As mentioned above, the center frequency and the frequency range of the output clock signals of QVCO 300 can shift from ideal values in response to imperfect modeling of the inductances of inductors 307 and 317, unexpected parasitic inductances and capacitances in QVCO 300, and variations in the process, the supply voltage, and the temperature (PVT) of the integrated circuit. Programmable regulator 105/400 can adjust the center frequency and the frequency range of the output clock signals of QVCO 104/300 by changing the regulated supply voltage VREG. Programmable regulator 105/400 can, for example, add an extra 8-10% of frequency range for re-centering the center frequency of QVCO 104/300.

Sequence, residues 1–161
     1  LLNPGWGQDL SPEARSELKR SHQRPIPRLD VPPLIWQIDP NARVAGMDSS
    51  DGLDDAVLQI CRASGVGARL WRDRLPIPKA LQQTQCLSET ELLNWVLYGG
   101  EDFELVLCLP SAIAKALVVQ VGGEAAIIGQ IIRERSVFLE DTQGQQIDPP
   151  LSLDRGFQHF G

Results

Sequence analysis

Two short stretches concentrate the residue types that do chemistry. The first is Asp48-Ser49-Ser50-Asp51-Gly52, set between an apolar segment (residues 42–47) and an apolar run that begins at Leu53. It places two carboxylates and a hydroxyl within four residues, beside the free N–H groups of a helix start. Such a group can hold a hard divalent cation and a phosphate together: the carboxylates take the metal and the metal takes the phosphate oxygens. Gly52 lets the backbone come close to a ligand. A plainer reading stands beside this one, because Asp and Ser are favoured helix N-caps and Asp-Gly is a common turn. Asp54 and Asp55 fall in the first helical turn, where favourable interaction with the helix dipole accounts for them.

FIG. 5 illustrates a specific example of programmable current source 401 in programmable voltage regulator 400, according to an embodiment of the present invention. Programmable current source 401 includes constant current source 501, n-channel MOSFETs 502-503, p-channel MOSFETs 504-508, and switches 511-513.

The drain of transistor 502 is coupled to current source 501, the gate of transistor 502, and the gate of transistor 503. The sources of transistors 502 and 503 are coupled to a common ground. N-channel MOSFETs 502-503 are coupled to form a current mirror circuit. Current source 501 generates a constant current that is the reference current for the current mirror circuit. The reference current generated by current source 501 is mirrored to transistor 503, according to the relative width-to-length (W/L) channel ratios of transistors 502 and 503.